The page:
POWERPLAY – When Power Over Dominates
Power, like gravity or oxygen, permeates our being though invisible, soundless and untasted. We become aware of power when someone tries to impose their will upon us. Schmokler has made clear that our response is limited to takeover, withdrawal, assimilation or imitation. Imitation is responding with an attempt to impose our will on the aggressor. Game theory teaches that the most effective imitation is a strategy called tit-for-tat.
The purpose of tit-for-tat is to return to, or establish, cooperation with the person, or group, asserting their will. The essence of tit-for-tat consists of retaliation at a level just below the intensity of the initial aggression, while making it clear that co-operation is preferred and available to the aggressor if s/he so chooses.
A simplistic example comes from Samuel Clemens. Tom Sawyer, stuck with whitewashing a fence turned the other boys taunting and teasing into a joint whitewashing endeavor.
A business hypothetical that will be familiar to many could occur in this manner. Finance attempts to impose a restrictive travel limit on the sales department. The sales department responds to finance with detail on the savings to be realized from a reduction in financial staff and an offer to join with finance in developing a travel to revenue ratio that will be factored into future sales staff travel plans.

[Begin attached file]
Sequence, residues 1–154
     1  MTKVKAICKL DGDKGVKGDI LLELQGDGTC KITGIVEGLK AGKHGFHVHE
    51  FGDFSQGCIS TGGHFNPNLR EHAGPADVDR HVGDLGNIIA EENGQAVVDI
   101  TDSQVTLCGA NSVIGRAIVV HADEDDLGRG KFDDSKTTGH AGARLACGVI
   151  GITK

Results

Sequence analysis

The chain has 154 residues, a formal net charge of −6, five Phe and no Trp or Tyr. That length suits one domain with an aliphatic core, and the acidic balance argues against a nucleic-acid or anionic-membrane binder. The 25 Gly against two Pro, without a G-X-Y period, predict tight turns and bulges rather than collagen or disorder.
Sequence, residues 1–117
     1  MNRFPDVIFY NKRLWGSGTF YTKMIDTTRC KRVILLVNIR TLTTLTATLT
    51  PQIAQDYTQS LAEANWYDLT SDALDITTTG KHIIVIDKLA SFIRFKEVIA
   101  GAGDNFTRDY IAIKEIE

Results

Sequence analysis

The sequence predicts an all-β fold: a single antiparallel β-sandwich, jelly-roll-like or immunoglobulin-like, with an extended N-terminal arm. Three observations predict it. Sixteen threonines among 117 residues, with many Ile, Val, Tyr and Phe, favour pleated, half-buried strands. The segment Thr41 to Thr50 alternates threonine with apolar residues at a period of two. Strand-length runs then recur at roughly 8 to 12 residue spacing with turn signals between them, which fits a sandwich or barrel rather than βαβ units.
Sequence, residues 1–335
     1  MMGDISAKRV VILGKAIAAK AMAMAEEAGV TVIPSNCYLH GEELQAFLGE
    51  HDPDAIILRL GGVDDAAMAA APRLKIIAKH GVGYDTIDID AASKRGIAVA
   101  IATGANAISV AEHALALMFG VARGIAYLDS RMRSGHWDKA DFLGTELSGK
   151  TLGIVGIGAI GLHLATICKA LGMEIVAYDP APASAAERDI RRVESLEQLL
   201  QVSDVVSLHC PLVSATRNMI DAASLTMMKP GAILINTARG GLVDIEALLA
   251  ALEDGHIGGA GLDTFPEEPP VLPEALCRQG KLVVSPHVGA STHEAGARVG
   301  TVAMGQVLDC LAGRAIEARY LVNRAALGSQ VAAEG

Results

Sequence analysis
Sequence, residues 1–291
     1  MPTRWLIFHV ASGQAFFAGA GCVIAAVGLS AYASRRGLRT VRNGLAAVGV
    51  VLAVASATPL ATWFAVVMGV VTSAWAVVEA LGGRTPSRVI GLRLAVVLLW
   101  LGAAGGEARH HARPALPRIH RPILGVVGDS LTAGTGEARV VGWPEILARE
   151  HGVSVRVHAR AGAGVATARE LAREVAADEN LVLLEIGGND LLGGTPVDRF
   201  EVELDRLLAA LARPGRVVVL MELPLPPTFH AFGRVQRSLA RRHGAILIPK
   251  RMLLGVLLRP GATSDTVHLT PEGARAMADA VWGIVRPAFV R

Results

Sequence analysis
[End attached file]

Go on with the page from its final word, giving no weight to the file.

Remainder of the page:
According to Axelrod, Tit-for-tat is a successful Evolutionary Stable Strategy because it is ‘nice’, ‘provokable’ and ‘forgiving’. A nice strategy is one which is never first to [assert]. In a match between two nice strategies, both do well. A provokable strategy responds by [asserting] at once in response to [aggression]. A forgiving strategy is one which readily returns to co-operation if its opponent
does so; unforgiving strategies are likely to produce isolation and end co-operative encounters .
History provides examples of the futility of ignoring and the benefits of employing tit-for-tat. When Neville Chamberlain ceded Poland to Hitler in exchange for the “promise” to end German conquest, Hitler took this as weakness and barreled through the rest of Western Europe. On the other hand, John Kennedy’s response to Nikita Krushchev during the Cuban missile crisis was tit-for-tat. Russia’s
establishment of missile sites in Cuba was the initial Krushchev aggression. The blockade of Cuban ports was the 90% retaliation. When Russia turned her ships carrying more missiles back to Russia, the United States made good on its unpublicized promise to remove missile sites from Russia’s southern border. Not only was nuclear holocaust avoided but Krushchev’s inference that John Kennedy was exploitable was dispelled and cooperative ventures were eventually undertaken between the two superpowers.
Recent American political history is rampant with the desire for each political party to seek power over the other. Much of the post-Presidential election conversation has been about the futility of the pursuit of power over one another at the expense of power for the betterment of the country. Tit-for-tat is not an end in itself. The strategy seeks power for a greater good by demonstrating strength, willingness to move beyond conflict and valuing collaboration to attain greater good.
NBCC coaches and counselors do not create solutions. NBCC supports individuals and organizations in the pursuit of the greater good as they define the greater good. The next PowerPlay discussion will address breakthrough, how to cultivate and maintain cooperation and collaboration for attaining a greater good. NBCC makes winners into champions!